Eye Doctors for Vision Improvement
and Myopia Reduction

The following eye doctors are actively helping people see more clearly and comfortably without glasses or surgery. Their clinical experience has shown them that with the right visual environment and eyeglass prescription, myopia (nearsightedness) can be prevented or reduced. In addition to prescribing special therapeutic glasses and vision training programs, some of these doctors address emotional, nutritional, and other general health issues that affect vision.

Steve Gallop, O. D., Philadelphia, Pennsylvania:

“Dr. Gallop specializes in myopia reduction. He has helped countless people prevent, reduce or eliminate the need to wear lenses to see clearly in the distance. Nearsightedness (myopia) frequently gets worse due to wearing the lenses prescribed by most doctors to ‘correct’ the problem.” (from Dr. Gallop’s home page) . . . “Lenses that are worn to see clearly in the distance do not accomplish the goal of seeing comfortably and efficiently close up. Specially prescribed near lenses are required. These lenses will increase comfort, productivity, and endurance. They will, in many cases, permanently increase distance clarity as well.” (from Dr. Gallop’s article on nearsightedness).

Read Dr. Gallop’s article on myopia reduction and other articles on vision improvement

Merrill Bowan, O.D., Pittsburgh, Pennsylvania:

“The main factors in preventing nearsightedness are proper nutrition, preventive lenses to protect normal farsightedness, proper visual hygiene, and stress reduction techniques . . . Preventive lenses - “Plus 50” or “Plus 75” reading lenses are powerful tools against myopia for most students, beginning as early as second grade for most, though some students are showing signs of this developmental nearsightedness by the middle of first grade . . . There are no guarantees that preventive lenses will work for any particular individual, but research shows that they do work 60-70% of the time. Our only other option is to do nothing and watch the 60-70% of at-risk people get worse and worse vision.” (from Dr. Bowan’s article on preventing nearsightedness.)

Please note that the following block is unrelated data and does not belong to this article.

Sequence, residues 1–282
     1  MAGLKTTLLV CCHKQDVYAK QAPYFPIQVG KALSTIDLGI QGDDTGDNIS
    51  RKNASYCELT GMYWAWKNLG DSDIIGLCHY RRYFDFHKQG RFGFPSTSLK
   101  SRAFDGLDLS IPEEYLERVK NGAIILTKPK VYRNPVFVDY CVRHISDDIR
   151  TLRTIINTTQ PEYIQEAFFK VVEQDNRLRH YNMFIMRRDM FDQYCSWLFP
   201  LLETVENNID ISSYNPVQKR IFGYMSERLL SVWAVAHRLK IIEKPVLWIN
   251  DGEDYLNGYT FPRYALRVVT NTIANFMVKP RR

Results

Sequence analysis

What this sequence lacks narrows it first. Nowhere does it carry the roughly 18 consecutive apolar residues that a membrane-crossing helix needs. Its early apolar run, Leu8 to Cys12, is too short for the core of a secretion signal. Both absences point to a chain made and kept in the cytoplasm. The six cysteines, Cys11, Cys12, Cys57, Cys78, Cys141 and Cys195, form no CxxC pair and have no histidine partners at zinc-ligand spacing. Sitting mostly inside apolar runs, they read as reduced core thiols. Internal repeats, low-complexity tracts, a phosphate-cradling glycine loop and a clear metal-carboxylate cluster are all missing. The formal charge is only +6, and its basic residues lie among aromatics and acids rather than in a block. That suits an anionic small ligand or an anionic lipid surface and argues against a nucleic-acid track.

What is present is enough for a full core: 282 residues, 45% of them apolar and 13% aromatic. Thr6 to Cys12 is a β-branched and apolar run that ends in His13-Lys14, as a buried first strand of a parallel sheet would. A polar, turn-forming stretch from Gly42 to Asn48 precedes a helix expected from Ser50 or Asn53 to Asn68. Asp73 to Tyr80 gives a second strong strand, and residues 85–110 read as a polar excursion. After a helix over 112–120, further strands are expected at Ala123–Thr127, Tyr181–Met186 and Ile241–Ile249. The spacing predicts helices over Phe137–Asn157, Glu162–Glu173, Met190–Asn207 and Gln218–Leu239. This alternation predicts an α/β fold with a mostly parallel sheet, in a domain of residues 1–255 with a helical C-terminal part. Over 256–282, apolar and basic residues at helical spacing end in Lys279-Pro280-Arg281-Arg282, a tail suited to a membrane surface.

Read Dr. Bowan’s collection of articles on myopia

Joel Roffer, O.D., Farmington, Connecticut:
“I have been practicing for 33 years and I believe in plus lenses and undercorrecting myopia for myopia reduction and stabilization.”
Donald Janiuk, O.D., Poway (metro San Diego), California:
“I always tell myopic parents I want to try to prevent their children from ending up like us myopes. If I see their hyperopia dropping near plano, I will always suggest plus lenses to relieve near point accommodative stress as well as give them behavioral and environmental suggestions that will reduce the accommodative stress of their school work” . . . “Based on over thirty years of clinical experience I have found that those myopes who remove their distance Rx, and/or if necessary wear an appropriate stress relieving near Rx rarely progress to any significant degree. Those myopes who continue to wear their distance Rx for prolonged near work will almost universally develop more myopia than those who remove their distance Rx for near work.”

James B. Mayer, O. D., Thousand Oaks (metro Los Angeles), California: